Last fall, I purchased a chrome rack that fits along the wall of our basement bathroom, hung a silver mylar emergency blanket behind it and a 4' shop light from each shelf. Last week, I bought two seedling trays to augment those that I scrounged from nurseries last year (and disinfected with 10:1 water and chlorine bleach).
Now, I am creating my schedule--planning when to start each type of seed that I have and looking around for any interesting ones that I haven’t acquired. Two years ago, when I started thinking about doing this, I attended the Washington Gardener magazine’s Seed Swap at Brookside Gardens, which is the source of some of my vegetable and flower seeds. I enjoyed that swap so much that I organized one for my fellow Frederick County Master Gardeners last year and, by popular acclaim, again this year. I am trying not to be too ambitious but I am planning a succession garden this year and, so, will hold some back some seeds to start later in the growing season and the fall.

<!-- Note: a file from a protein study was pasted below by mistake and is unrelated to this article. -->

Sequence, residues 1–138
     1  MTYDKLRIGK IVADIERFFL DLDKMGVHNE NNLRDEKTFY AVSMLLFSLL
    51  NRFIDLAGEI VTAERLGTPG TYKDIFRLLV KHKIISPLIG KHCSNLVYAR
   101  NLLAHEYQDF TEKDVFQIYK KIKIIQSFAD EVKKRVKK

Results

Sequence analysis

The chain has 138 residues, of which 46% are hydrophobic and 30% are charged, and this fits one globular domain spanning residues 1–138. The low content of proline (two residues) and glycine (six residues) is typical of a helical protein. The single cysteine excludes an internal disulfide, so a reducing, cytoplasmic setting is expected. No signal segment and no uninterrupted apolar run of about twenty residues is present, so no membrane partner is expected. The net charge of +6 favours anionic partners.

Why am I doing this? We don’t save any serious money with our tiny garden of edibles and I certainly don’t need more things to do, but I relish the magic of tiny seeds potent with life and rejoice at bringing into the world such a basic necessity as food. It gives me yet another reason to indulge my love of partnering with nature and soothing my spirit by mucking around in the dirt!”

What are you starting from seed this year?